SYNTHETIC OR NATURAL? Which is best? Since the 1950s the synthetic chemical DEET (N, N-diethyl-m-toluamide) has been the standard to which all other mosquito, tick and biting fly repellents have been compared. DEET is still the standard of comparison, but the long search for natural or organic repellents is finally yielding a number of potential alternatives, some from the plant world and others from such unlikely places as human sweat.
The progress in besting DEET has been so stunning that the Entomological Society of America (ESA) presented a four-hour symposium with a dozen 20-minute talks, Celebrating the Success of Global Insect Repellent Science Research. Habitues of the ESA know that in the world view of a female mosquito, humans are little more than scented apes put on Earth to be protein-rich blood meals to begat new generations of what we call vermin and they consider kin.
Sweat, heat, and carbon dioxide, that greenhouse gas that humans respire into the atmosphere with every exhaled breath, tip off mosquitoes and other bloodsuckers that the human food wagon has arrived. Actually, that’s putting it a bit crudely. Mosquitoes are actually connoisseurs, and sniff out humans like a gourmet would a fine wine. To be even more accurate, females are the true connoisseurs and gourmands, the bloodsucking vampire sex of the mosquito world. Male mosquitoes are true flower children, pacifists abhorring the bloodsucking life and mostly passing the time pollinating plants.
Longtime scholars of mosquito feeding habits on humans, like Willem Takken at Wageningen University in The Netherlands, have tallied 300 to 350 compounds mosquitoes can use to identify humans. About 60 of these odors are common to every person, and the rest give each human a slightly different scent. Thus, we oftentimes remember a person by their distinctive smell. Elegant experimental techniques like gene silencing and transferring mosquito olfactory genes to fruit flies allows the mapping of mosquito odor preferences. Some mosquito species, such as the malaria-vector Anopheles gambiae, can zero right in on humans. Other mosquito species may bypass humans in favor of cows, livestock or other animal species.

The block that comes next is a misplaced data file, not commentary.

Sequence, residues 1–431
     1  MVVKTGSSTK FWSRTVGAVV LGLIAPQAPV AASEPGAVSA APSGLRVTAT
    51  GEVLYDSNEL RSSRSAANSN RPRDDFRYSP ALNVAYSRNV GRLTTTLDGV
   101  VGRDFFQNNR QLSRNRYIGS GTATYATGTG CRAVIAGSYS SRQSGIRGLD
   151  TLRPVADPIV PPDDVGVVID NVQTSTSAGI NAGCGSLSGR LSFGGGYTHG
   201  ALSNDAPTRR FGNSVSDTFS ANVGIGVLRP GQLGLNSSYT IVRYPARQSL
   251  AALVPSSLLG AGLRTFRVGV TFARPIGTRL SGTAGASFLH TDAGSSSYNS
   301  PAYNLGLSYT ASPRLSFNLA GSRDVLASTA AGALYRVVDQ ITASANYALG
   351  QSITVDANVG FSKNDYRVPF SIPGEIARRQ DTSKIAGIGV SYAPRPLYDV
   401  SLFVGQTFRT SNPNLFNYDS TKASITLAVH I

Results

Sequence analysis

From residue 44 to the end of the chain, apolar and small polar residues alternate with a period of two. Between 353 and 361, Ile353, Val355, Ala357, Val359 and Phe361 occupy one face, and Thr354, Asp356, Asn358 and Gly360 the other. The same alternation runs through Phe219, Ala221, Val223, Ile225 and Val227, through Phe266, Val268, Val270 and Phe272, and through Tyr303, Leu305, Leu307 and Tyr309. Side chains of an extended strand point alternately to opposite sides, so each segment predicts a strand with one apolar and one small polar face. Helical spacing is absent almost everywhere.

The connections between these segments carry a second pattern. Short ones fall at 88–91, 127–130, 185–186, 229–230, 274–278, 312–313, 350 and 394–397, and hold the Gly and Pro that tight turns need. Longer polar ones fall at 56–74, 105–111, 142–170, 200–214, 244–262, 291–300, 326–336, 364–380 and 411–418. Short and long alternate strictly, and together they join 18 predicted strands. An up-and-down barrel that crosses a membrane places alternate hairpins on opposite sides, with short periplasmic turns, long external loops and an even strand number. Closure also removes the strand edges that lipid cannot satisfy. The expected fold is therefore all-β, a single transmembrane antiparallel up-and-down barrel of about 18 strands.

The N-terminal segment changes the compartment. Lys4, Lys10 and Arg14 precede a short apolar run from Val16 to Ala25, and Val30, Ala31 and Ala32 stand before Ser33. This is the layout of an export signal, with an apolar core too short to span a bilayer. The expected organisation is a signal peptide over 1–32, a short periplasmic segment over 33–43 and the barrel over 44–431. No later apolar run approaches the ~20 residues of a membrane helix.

From a practical standpoint, if diseases like malaria, dengue and yellow fever are not a concern and you need protection for only an hour or two, one of the many commercial botanical repellents is likely to suffice as an alternative to DEET. Lemon eucalyptus products, including Quwenling from China, get high marks from the CDC. Daniel Strickman at the USDA-ARS in Beltsville, MD, and others have compiled long lists of botanicals good for about an hour of repellency, including: clove, geranium (geraniol), citronella, celery, lemon, lime, neem, pyrethrum, fringed rue, patchouli, pennyroyal, soybean, thyme, niaouli (Melaleuca viridiflora), makaen (Zanthoxylum limonella), Mexican tea (Chenopodium ambrosioides), Labrador tea (Ledum groenlandicum), and lily-of-the-valley.